Table 3.Comparison of variables in women with primary and secondary infertility during the COVID-19 outbreak.
Variables Primary infertility Secondary infertility P value
(n = 78) (n = 142)
Age (years) 27.97 ± 4.674 32.43 ± 5.923 0.000
Duration of infertility (years) 4.49 ± 3.099 4.20 ± 3.256 0.531
Thoughts about stopping infertility treatments during COVID-19 pandemic
Yes 34 (43.6) 65 (45.8) 0.755
No 44 (56.4) 77 (54.2)
Worries about being infected by COVID-19
Yes 55 (70.5) 116 (81.7) 0.057
No 23 (29.5) 26 (18.3)
Worries about infecting the baby with COVID-19
No transmission 14 (17.9) 18 (12.7) 0.263
Ongoing 64 (82.1) 121 (85.2)
Termination 0 3 (2.1)
Thoughts about affecting the infertility treatment by COVID-19
Yes 15 (19.2) 45 (31.7) 0.051
No 33 (42.3) 40 (28.2)
Undecided 30 (38.5) 57 (40.1)
Variables presented as mean ± standard deviation and number (%); Mann-Whitney U test and Chi-squared test; P < 0.05.

Forty women (51.28%) with primary infertility and 103 (72.53%) with secondary infertility had clinically depressive symptoms, whereas 23 (29.48%) with primary infertility and 95 (66.90%) with secondary infertility had clinical hopelessness symptoms. Total BDI and BHS scores were significantly higher in women with secondary infertility (P = 0.001 and P = 0.000, respectively). Furthermore, the BHS subscale scores were statistically lower in women with primary infertility (P = 0.000, P = 0.003 and P = 0.000, respectively) (Table 4).

Table 4.Comparison of psychological variables in women with primary and secondary infertility during the COVID-19 outbreak.
Primary infertility Secondary infertility P value
(n = 78) (n = 142)
Total BDI score 11.81 ± 6.501 15.92 ± 9.758 0.001
None 38 (48.7) 39 (27.5) 0.011
Mild depression 27 (34.6) 63 (44.4)
Moderate depression 11 (14.1) 29 (20.4)
Severe depression 2 (2.6) 11 (7.7)
Total BHS score 3.78 ± 3.670 6.51 ± 5.262 0.000
None/minimal 46 (58.9) 47 (33) 0.001
Low hopelessness 25 (32.1) 64 (45.1)
Moderate hopelessness 5 (6.4) 14 (9.9)
High hopelessness 2 (2.6) 17 (12)
Emotions and expectations score 1.90 ± 1.534 2.66 ± 1.964 0.000
Motivation loss score 1.85 ± 1.058 2.58 ± 1.181 0.003
Hope score 3.86 ± 1.556 4.63 ± 0.927 0.000
Variables presented as mean ± standard deviation and number (%); Mann-Whitney U test and Chi-squared test; P < 0.05.

Total depression and hopelessness scores of both groups were in a strong positive correlation with primary and secondary infertility during the COVID-19 outbreak (r = 0.625 and r = 0.740, respectively; P = 0.000) (Table 5).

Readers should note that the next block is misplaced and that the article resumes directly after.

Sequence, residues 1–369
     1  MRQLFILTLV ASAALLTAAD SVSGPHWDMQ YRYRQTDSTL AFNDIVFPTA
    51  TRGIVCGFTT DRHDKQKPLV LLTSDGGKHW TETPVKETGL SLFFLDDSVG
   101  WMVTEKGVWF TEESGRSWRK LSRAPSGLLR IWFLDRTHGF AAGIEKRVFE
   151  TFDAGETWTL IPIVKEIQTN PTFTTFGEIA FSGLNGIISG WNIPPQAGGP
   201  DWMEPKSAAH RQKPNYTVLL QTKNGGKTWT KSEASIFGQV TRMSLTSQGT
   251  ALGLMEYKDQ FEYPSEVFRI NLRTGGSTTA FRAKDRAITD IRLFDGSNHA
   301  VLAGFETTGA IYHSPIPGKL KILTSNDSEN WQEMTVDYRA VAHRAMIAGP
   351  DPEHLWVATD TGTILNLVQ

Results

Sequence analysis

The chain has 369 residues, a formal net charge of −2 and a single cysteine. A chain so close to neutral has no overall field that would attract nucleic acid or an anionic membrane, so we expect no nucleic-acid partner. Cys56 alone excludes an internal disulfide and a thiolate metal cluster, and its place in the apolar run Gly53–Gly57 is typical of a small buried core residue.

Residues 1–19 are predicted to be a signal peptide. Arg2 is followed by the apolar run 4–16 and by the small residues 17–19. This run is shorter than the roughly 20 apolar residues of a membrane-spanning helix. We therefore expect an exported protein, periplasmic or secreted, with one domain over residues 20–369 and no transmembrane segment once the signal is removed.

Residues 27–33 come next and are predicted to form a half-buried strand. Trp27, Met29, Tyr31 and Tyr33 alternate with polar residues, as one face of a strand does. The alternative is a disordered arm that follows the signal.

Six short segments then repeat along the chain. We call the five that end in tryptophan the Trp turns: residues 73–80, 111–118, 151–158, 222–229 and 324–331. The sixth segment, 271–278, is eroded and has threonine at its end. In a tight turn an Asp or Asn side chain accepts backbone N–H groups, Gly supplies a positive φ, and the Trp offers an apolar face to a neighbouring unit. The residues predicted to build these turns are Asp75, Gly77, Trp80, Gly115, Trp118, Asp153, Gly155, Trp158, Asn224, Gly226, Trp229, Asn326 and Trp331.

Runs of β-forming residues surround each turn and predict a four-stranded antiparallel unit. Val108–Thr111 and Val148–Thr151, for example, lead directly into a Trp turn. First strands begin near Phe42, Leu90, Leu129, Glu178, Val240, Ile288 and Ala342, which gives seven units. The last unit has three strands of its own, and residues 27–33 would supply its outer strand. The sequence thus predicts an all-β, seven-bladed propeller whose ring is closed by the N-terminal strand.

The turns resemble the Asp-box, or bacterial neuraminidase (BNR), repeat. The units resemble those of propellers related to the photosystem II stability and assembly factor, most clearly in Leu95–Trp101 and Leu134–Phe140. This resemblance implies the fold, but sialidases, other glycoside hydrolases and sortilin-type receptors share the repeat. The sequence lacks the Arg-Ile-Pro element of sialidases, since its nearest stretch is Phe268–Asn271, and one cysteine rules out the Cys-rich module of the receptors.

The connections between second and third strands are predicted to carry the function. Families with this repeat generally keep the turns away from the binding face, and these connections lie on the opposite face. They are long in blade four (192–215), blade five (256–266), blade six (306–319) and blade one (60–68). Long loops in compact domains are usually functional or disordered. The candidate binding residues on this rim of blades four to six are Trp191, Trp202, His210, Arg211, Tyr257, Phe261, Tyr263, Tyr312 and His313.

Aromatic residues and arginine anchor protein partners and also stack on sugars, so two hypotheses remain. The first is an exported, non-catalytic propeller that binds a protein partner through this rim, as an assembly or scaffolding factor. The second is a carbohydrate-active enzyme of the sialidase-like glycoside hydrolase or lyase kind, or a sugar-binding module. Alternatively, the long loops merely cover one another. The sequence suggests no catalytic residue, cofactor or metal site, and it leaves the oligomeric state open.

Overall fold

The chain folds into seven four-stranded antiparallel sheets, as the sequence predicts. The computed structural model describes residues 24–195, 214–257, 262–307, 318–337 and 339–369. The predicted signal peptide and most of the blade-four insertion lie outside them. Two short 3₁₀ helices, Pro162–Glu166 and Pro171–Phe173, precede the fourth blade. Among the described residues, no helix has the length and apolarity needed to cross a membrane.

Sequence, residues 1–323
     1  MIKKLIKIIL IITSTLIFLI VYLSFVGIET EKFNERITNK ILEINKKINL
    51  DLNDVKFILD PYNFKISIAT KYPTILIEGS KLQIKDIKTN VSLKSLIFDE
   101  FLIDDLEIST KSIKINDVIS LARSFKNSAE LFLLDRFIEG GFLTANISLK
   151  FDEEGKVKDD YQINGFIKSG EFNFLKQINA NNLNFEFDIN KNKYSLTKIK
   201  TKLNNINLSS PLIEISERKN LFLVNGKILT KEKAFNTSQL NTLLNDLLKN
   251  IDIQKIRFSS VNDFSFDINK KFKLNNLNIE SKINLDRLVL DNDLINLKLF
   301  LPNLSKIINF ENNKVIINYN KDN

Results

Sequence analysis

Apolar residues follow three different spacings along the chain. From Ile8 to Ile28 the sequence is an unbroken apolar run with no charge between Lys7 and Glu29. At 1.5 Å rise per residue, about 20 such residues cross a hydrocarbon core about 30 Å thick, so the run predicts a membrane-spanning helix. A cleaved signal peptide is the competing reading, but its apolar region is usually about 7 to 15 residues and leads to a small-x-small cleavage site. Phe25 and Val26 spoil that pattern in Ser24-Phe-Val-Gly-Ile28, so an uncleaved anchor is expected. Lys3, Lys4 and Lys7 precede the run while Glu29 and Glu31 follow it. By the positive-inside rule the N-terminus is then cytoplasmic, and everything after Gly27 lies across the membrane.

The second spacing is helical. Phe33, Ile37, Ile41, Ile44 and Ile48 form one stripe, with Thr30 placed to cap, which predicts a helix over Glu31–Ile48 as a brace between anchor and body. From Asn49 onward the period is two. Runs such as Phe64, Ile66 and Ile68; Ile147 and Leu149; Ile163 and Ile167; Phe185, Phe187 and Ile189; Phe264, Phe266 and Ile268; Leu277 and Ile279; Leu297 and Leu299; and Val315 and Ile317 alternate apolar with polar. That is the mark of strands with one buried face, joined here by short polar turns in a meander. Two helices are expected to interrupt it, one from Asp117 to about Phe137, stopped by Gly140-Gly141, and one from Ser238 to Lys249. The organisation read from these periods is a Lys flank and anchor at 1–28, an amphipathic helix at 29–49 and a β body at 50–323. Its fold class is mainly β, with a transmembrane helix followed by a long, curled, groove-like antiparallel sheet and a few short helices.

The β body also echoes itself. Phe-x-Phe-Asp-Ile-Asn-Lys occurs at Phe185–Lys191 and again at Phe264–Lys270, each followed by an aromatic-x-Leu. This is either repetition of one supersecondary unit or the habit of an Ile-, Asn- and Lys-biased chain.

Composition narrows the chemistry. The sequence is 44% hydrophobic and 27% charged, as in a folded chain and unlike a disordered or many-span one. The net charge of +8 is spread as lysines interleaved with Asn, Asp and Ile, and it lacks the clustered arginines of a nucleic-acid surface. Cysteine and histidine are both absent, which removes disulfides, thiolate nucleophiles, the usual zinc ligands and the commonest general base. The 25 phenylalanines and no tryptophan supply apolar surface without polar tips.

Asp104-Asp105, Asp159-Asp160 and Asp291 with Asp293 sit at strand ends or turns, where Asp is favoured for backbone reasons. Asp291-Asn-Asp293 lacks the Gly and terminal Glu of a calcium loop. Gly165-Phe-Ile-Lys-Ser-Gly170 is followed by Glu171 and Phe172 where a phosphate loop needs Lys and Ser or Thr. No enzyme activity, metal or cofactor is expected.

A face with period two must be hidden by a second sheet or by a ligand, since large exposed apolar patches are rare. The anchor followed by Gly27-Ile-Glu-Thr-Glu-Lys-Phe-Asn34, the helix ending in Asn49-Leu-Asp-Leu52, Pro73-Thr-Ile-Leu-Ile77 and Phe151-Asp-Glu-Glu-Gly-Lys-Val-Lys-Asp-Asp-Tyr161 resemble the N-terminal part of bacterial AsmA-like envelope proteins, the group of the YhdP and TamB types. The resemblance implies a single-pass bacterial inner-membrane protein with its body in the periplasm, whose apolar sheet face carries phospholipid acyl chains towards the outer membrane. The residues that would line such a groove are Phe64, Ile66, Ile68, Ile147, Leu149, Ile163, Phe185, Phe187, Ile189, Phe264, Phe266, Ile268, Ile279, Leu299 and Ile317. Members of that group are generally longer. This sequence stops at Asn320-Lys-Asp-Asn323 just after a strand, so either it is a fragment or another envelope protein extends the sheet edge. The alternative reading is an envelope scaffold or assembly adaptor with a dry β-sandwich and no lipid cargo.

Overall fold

Table 5.Correlation between total depression and total hopelessness scores in women with primary and secondary infertility during the COVID-19 outbreak.
Total depression score
r P
Total hopelessness score Primary infertility group 0.625 0.000
Secondary infertility group 0.740 0.000
Pearson’s correlation test; P < 0.05.
4. Discussion

The COVID-19 pandemic has shocked the social and scientific world, interrupting any human relationship or contact due to the risk of transmission of the virus to mankind. Due to the negative psychological impact of the COVID-19 pandemic on women in general and, above all, in women submitted to ART/IVF in the pandemic period, apart the ESHRE and the ASRM recommendations [2, 3], also the Canadian Fertility and Andrology Society, announced on March 2020 their recommendations to immediately suspend all in-person fertility treatments throughout Canada and the U.S. indefinitely due to the COVID-19 pandemic [18]. This caused a large worldwide psychological stress in patient to submit to ART/IVF.

Authors, therefore, evaluated the same kind of infertile patients, but in the Turkish population, showing that primary and secondary infertile women had mild depression and low hopelessness levels during the outbreak, and patients with secondary infertility had higher BDI and BHS scores, than women with primary infertility. Moreover, increased BHS scores were correlated with increased BDI scores for each infertility group and, clinically, half of patients with primary infertility and more than 72% with secondary infertility had clinically depressive symptoms, whereas less than 30% with primary infertility and more than 65% with secondary infertility had clinical hopelessness symptoms.

Moreover, authors showed that half of the women with primary infertility and the majority of those with secondary infertility experienced depression; criticizing these results, authors would have expected the opposite, given that the latter already have a previous pregnancy, while the others did not miss one and therefore the expectation should be higher. It may be that the blockade had upset couples already with a child, due to a sudden negative reshaping of their lives, unlike the first.